Om Malik is moderating a panel on "Cutting the Cords - The Wireless Explosion." Pierre DeVries from USC's Annenberg Center has focused on what to me is one of the two biggest national policy-related issues: The spectrum that will open up once the broadcast TV networks move to digital transmission is the equivalent of opening up a new continent for settlement. If that spectrum is shifted to unlicensed usage, it will substantially kickstart wireless innovation. If instead the FCC sees it as a new asset to sell to the highest bidder, we'll continue to stuff public wireless into an overcrowded little island.
Juergen Urbanski from FON made the point that he's focused from the home out, while muni wireless efforts are typically from public spaces in. That's a good distinction, though many municipalities (such as St. Cloud, FL) are offering citizens the opportunity to buy Customer Presence Equipment (CPE) that melds the local and municipal networks. Assuming that the identity layer is consistent - that the FON and muni network don't have conflicting models of user access - then they would indeed be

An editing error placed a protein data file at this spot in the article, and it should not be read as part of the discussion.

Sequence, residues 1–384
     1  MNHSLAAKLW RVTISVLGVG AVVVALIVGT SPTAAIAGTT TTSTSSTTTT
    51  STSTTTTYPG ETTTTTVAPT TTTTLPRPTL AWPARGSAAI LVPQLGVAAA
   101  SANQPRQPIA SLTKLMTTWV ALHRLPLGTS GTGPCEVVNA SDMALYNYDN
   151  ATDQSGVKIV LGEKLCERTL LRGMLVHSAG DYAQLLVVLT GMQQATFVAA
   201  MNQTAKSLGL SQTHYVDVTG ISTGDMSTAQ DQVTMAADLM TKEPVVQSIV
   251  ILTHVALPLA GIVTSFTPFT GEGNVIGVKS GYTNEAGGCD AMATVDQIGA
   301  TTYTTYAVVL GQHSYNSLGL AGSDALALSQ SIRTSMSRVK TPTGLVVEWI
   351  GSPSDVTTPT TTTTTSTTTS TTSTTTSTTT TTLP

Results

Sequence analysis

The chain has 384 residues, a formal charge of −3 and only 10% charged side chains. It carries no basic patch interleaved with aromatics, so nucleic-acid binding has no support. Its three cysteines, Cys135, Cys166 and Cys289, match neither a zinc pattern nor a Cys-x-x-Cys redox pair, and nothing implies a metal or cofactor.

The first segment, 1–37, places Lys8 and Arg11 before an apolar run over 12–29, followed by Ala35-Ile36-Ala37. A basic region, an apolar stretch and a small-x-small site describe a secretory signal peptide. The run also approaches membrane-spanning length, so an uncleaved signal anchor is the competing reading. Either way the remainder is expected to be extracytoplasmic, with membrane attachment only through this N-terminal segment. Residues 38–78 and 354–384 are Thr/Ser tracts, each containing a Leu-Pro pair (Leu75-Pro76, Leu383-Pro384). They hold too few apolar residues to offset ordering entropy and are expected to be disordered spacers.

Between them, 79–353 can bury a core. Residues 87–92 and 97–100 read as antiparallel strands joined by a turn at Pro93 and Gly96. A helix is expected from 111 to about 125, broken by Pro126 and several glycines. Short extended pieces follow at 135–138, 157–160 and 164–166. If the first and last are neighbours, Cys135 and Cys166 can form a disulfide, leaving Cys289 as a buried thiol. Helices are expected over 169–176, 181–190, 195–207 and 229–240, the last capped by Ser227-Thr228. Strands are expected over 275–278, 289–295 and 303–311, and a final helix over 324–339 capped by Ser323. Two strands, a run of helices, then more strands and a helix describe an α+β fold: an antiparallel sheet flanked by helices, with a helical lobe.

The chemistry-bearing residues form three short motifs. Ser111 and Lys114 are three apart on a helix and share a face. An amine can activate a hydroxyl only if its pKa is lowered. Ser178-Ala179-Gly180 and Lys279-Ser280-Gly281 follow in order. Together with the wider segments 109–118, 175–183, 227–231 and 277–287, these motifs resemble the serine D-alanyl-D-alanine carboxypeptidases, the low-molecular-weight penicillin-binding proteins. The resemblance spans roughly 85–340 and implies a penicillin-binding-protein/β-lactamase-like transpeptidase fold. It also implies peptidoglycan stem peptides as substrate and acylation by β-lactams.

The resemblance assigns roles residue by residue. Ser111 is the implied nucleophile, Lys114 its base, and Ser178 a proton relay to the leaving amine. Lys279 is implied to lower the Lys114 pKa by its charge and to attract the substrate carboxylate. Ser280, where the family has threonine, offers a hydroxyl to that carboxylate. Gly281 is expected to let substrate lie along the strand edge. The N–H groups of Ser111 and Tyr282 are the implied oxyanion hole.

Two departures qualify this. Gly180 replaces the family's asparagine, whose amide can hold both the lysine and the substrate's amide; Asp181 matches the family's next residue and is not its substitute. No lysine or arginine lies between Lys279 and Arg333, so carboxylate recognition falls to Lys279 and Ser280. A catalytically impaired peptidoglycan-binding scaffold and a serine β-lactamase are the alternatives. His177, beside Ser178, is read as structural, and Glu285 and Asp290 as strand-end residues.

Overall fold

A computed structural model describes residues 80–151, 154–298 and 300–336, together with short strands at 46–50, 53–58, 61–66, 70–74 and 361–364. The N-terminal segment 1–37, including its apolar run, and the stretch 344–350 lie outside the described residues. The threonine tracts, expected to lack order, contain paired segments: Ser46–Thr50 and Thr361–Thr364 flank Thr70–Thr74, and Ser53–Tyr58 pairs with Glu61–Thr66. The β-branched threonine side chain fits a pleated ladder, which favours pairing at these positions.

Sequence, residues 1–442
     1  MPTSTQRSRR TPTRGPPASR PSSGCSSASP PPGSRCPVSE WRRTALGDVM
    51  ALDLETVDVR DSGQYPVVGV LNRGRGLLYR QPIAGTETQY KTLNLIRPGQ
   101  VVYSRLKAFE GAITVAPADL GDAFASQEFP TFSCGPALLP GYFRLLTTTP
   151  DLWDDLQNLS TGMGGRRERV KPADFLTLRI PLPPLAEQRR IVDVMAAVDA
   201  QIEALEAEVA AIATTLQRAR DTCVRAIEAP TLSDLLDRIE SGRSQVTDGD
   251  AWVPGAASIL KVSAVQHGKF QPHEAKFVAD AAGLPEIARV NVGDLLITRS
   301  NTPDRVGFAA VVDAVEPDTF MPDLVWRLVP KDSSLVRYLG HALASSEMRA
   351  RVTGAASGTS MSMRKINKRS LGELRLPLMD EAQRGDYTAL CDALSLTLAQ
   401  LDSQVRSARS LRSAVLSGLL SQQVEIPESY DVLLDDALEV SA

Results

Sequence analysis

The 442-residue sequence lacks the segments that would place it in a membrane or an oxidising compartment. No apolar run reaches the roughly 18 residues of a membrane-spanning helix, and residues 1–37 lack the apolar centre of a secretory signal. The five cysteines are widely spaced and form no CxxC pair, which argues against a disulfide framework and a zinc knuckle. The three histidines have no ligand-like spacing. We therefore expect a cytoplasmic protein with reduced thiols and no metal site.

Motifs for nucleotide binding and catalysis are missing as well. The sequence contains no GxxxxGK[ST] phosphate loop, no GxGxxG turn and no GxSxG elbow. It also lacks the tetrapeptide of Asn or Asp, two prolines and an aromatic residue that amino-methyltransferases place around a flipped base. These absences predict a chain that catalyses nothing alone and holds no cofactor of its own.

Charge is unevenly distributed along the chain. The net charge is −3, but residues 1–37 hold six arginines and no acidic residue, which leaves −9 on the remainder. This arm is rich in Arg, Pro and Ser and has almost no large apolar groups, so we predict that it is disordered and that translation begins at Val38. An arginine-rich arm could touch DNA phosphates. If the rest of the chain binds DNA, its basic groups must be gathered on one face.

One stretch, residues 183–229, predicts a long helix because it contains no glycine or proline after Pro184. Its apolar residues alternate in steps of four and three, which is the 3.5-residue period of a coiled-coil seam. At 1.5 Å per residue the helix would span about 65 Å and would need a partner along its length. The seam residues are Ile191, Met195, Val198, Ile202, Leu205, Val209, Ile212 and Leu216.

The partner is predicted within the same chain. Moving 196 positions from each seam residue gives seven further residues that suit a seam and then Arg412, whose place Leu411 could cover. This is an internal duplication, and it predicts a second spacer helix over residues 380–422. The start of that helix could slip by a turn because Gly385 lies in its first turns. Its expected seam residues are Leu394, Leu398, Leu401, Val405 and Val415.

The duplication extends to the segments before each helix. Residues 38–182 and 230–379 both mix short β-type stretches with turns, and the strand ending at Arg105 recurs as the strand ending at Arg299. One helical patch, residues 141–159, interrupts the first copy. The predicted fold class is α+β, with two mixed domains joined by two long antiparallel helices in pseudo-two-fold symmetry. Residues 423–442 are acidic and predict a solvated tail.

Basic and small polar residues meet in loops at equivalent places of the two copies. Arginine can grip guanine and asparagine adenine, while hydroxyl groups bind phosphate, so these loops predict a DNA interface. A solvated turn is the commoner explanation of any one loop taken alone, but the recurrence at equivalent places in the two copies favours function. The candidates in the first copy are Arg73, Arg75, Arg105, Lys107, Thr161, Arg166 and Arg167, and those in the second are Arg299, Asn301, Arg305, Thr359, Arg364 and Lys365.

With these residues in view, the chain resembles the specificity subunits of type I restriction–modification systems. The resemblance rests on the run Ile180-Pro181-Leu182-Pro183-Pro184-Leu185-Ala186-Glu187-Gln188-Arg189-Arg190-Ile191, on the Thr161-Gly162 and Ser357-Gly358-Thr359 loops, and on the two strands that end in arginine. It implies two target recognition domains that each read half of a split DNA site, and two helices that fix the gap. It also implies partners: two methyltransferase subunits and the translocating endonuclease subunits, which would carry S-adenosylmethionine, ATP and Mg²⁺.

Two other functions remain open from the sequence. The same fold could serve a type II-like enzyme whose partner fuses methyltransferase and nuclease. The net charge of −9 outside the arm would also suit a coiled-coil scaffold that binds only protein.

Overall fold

Jeff Belk from Qualcomm is preaching the value of the incumbents' network investments, but it's a difficult argument. Belk continually refers to EVDO and other offerings as "3G," but they don't really justify the label. I can get a consistent 100k on EVDO, but that's just fast dialup, literally (Verizon Wireless' VZAccess Manager calls it "dialing" when you connect). Belk and Ruckus Wireless' Selina Lo are arguing about carrier-based versus, say, a Skype wifi phone. Both are right, but Belk will be less right in a year or two.
Kaliya just got up to complain about roaming charges, and now Belk is deflecting the question by saying it's not his department. Good point, but since he's been touting the virtues of the incumbent networks, he should also take the hit when their business model is attacked.